This is no news to Royals fans who spend a lot of time getting mad at the Royals for bunting a lot. But if you don’t pay attention to such things, stuff like this will make you happy to not follow the Royals:
Alcides Escobar bunted in the first inning Sunday against Baltimore after Alex Gordon opened the game with a single. Escobar bunted on his own; he was bunting for a base-hit — and here you go: Good idea or not? … This was also the fifth straight time in a 22-game span that Escobar’s followed a leadoff single with a first-inning bunt.
Ned Yost said he didn’t mind. Unless his name was Billy Hamilton, If I had a guy on my team bunting in the first inning at that rate, I’d bench him so hard that he’d be picking splinters out of his hind end for a year.
The Yankees fell behind early to the Orioles on Sunday afternoon, a day after dropping both ends of Saturday’s doubleheader. Their game, as did every other game on Sunday with the exception of the Braves-Cardinals doubleheader, started at 3:05 or 3:10 EDT, a change Major League Baseball recently made to create fairness on the final day of the season.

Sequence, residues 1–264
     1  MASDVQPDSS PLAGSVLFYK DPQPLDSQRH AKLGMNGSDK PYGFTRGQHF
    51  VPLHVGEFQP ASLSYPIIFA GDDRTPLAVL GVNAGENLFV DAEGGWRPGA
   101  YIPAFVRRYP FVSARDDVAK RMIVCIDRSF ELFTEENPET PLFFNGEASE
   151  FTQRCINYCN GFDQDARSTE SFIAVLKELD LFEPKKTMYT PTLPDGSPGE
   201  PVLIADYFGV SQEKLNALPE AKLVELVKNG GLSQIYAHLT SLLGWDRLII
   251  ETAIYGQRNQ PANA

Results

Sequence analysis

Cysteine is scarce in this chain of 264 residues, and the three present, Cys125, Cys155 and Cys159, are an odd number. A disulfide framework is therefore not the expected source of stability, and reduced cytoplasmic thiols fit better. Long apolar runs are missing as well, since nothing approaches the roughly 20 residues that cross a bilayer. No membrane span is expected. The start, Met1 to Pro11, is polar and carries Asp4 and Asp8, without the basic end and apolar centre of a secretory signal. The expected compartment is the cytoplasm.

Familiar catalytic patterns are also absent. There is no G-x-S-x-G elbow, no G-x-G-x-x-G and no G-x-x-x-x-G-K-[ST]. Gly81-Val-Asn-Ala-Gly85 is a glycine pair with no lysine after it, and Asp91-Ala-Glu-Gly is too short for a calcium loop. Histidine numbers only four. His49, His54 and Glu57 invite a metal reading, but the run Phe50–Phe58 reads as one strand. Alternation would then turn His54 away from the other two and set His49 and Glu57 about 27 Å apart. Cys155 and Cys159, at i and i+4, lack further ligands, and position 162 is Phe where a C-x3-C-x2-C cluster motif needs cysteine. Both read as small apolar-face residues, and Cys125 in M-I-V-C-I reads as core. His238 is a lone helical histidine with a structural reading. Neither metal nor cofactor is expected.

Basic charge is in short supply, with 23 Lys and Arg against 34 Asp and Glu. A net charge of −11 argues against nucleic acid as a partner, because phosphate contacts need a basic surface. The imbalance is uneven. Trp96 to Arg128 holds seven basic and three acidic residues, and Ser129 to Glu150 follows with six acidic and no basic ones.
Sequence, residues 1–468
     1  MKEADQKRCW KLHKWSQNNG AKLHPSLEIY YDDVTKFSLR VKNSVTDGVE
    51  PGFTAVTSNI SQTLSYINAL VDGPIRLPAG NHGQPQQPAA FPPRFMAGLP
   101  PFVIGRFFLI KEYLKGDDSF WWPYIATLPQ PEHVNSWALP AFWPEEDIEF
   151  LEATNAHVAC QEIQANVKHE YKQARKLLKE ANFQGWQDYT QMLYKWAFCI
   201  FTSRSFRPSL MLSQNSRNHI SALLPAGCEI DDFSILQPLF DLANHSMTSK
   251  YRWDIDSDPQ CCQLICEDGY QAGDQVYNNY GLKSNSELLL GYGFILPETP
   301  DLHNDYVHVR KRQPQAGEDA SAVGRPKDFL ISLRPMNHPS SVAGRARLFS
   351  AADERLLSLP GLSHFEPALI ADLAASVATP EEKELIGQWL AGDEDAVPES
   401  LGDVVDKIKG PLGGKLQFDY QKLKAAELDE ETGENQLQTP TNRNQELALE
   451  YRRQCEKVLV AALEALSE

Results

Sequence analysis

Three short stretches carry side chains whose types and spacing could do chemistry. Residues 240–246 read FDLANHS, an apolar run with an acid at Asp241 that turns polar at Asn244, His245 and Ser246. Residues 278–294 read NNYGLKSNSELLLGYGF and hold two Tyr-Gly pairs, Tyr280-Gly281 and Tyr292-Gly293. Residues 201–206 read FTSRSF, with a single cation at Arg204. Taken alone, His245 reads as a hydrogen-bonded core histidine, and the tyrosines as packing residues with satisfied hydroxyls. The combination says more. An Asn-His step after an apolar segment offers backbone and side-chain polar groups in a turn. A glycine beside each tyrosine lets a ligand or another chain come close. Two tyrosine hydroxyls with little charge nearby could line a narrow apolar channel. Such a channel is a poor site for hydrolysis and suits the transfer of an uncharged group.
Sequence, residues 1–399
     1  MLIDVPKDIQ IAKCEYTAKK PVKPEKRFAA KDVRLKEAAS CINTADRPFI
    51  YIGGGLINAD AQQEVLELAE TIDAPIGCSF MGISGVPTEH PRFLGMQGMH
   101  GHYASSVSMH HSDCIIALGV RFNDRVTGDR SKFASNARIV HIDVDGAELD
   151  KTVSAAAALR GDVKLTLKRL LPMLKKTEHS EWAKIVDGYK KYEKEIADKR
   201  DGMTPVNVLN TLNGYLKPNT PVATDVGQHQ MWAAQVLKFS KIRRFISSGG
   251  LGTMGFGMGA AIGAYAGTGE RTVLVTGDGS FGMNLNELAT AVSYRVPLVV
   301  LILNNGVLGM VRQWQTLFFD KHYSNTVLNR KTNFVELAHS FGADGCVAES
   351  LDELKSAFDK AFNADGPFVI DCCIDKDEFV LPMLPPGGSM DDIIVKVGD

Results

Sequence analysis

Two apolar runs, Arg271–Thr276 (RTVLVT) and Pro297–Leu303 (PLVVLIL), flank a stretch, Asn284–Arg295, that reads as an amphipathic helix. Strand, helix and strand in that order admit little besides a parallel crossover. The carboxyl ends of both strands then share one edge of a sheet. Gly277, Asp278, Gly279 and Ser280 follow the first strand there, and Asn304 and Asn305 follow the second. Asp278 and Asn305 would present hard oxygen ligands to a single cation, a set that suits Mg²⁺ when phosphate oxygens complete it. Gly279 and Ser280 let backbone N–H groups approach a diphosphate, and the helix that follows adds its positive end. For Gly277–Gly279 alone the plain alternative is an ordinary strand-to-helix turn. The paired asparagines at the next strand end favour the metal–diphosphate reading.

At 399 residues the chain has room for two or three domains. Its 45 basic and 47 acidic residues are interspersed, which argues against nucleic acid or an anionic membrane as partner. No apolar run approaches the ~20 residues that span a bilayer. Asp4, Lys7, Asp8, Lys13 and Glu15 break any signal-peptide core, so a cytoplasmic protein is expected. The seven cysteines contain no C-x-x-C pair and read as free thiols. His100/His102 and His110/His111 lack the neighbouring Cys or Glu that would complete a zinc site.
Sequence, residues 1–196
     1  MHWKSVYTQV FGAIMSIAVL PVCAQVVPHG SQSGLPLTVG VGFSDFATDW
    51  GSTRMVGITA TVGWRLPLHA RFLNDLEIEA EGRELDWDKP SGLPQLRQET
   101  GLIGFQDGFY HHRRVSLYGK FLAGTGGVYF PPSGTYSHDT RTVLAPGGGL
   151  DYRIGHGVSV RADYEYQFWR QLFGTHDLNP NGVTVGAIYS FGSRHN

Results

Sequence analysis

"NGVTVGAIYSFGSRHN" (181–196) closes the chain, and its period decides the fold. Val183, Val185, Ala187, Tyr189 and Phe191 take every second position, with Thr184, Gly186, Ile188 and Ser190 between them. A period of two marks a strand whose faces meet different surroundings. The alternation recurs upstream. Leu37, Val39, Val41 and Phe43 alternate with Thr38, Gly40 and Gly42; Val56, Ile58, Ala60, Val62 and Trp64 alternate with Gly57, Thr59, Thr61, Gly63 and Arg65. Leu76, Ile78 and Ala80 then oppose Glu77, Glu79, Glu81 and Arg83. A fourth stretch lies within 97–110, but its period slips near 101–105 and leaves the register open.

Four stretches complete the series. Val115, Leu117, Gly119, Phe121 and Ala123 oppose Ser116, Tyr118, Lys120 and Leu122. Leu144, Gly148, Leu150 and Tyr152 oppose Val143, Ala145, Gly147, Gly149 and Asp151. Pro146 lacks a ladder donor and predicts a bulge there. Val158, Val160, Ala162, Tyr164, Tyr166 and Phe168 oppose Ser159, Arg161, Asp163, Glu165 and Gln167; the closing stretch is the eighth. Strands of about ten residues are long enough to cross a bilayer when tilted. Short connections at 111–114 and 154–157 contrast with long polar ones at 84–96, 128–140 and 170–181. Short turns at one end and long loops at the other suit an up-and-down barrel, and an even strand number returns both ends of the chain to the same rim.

Girardi is not a fan. Per the Associated Press:
It was cloudy at Camden Yards at 3:05 p.m., but late-afternoon games often make it difficult for batters to see pitches.
Girardi said, “Here’s the thing that bothers me: If it’s a sunny day you’re playing in shadows.”
He added, “If it’s the most important game of the year to get in, I don’t think that’s right.”
Understanding the idea is for every team to play at the same time, Girardi said, “Then play all night games.”
One wonders if MLB had scheduled Sunday’s slate of games for the night, if Girardi would have instead complained about batters losing fly balls in the stadium lights. Furthermore, both teams have to play in the same conditions.
Marlins outfielder Ichiro Suzuki was given an opportunity to play a new position in Sunday’s series finale against the Phillies. After the Phillies rallied to take a 6-2 lead in the seventh, the Marlins let Suzuki take the hill in the eighth. And, in news that surprises no one, he was impressive.
Though Suzuki gave up a run on two hits, he flashed a fastball that hit the mid-80’s and a breaking ball with some bite.
Suzuki, who turns 42 years old later this month, is 65 hits of 3,000 in his major league career. The Marlins are interested in bringing him back in 2016.